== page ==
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I Don’t Want Anything to Get in the Way

August 25, 2013

by Stephen Damon

Last Saturday I had a very long talk with one of our new residents about everything from her childhood through some of her adult years to her arrival at the Guest House.  What most interested me was the way she was acutely aware the demands of how to live her final weeks.  She told me that while she never took on an “official” spiritual practice, she was always very aware that something “very deep” needed to be attended to.  From what she told me I could tell that she had indeed attended to this deep part of herself that she did not have the inner vocabulary to name.  Towards the end of our conversation I noticed that she had a photograph of the Dalai Lama pinned to the bulletin board just to the left of her bed. Seeing that well-known photo I remembered my many years of Tibetan Buddhist practice and I felt just a little closer to her—we had a mutual friend!

On Wednesday, I went upstairs to say hello to my new friend before my shift began.  I was stunned and saddened to see how her condition had deteriorated.  She smiled when she saw me and waved me closer so that I could hear her barely audible whisper.  I know that a person’s condition can deteriorate very quickly during the last few days of life, but seeing the change was shocking.  After a few words she closed her eyes and seemed to drift off into another space that I could hardly imagine. Occasionally, she would open her eyes and stare out the window at the foot of her bed.  She seemed to be looking at something that I could not see.

I told her that I would sit with her quietly until she fell asleep. She smiled and reached for my hand and I told her to tell me if there was anything she needed.  After a while her breathing changed and I knew that she had fallen asleep so I tiptoed out of her room. 

After my shift was over I went into the park next door and sat down on a bench, trying to take in everything that I experienced in my five-hour shift.  I had several good exchanges with a couple of the residents but the sad expression on my friend’s face when she told me that she wasn’t feeling well filled my mind and tugged at my heart.  I wanted to “do” something but I knew that there was nothing I could do. I remembered that one of the first things I learned in hospice training was that I should not try to “fix” anything, but instead just accept everything that was happening as fully as possible.  As my first Zen teacher told me many years ago, “There is nothing to learn, and nothing to be done.” I’m not sure I ever really believed him until I sat down on that park bench last Saturday.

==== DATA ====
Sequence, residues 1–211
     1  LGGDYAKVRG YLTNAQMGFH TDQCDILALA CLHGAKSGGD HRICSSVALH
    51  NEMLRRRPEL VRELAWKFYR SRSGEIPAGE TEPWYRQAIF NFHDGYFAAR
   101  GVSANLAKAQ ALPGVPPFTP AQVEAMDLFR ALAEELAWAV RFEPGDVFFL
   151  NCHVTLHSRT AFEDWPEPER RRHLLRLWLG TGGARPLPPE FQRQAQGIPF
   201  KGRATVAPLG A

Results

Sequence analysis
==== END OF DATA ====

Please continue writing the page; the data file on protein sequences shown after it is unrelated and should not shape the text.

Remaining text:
The next morning I decided that I would give my friend a mala that a Tibetan lama had given me many years ago.  The mala was just plain sandalwood, but he had brought it from India for me and I had worn it during several Tibetan and Zen retreats through the years so it felt more special than the more expensive ones that I had in my collection. I didn’t think that my friend would use it to keep track of mantras but I thought that holding it in her hand might give her some kind of support that my words could not.

While feeding her some blueberries and strawberries I had picked up for her, I told her about the mala and asked if she would like to have it. She looked very deeply into my eyes and said, “No, thank you.  I don’t want anything to get in the way…” For a moment I was disappointed and then as I let her words sink more deeply into myself, I felt the wisdom of her words.  She was paying close attention to “things as they are,” and didn’t want or need anything. She didn’t want any distractions of any kind—not even a blessed mala—to keep her from experiencing the last precious moments of her life as fully as she could. She had entered the space of “religion beyond religion,” and all she needed was herself.  She no longer needed to pray or meditate or recite mantras, she just needed to be in the Great Silence beyond everything.  She had completely surrendered to a reality much greater than anything she or I could understand.  As I watched my friend, I felt myself also surrender to things just as they are without any reservations. She was a small woman but her presence filled the entire room, and seemed to contain everything.  I remembered a line or two from one of my favorite Zen chants, the Song of the Grass Hut:

Though the hut is small, it includes the entire world.
In ten feet square, an old man illumines forms and their nature.

In her own way, my friend had “illumined” many things about the great question of life and death that I had only dimly perceived. On the way home I could still feel her presence, or maybe it was the presence of something else that I could not name and I silently recited another couple of lines from The Song of the Grass Hut appeared:

Will this hut perish or not?
Perishable or not, the original master is present.

If I have the opportunity to see her one more time, I will not bring anything extra—just myself.

Bows,

Stephen

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One Comment
  1. I am very touched by this and by your poems. You have flourished and grown even wiser
    , to become more and more yourself.

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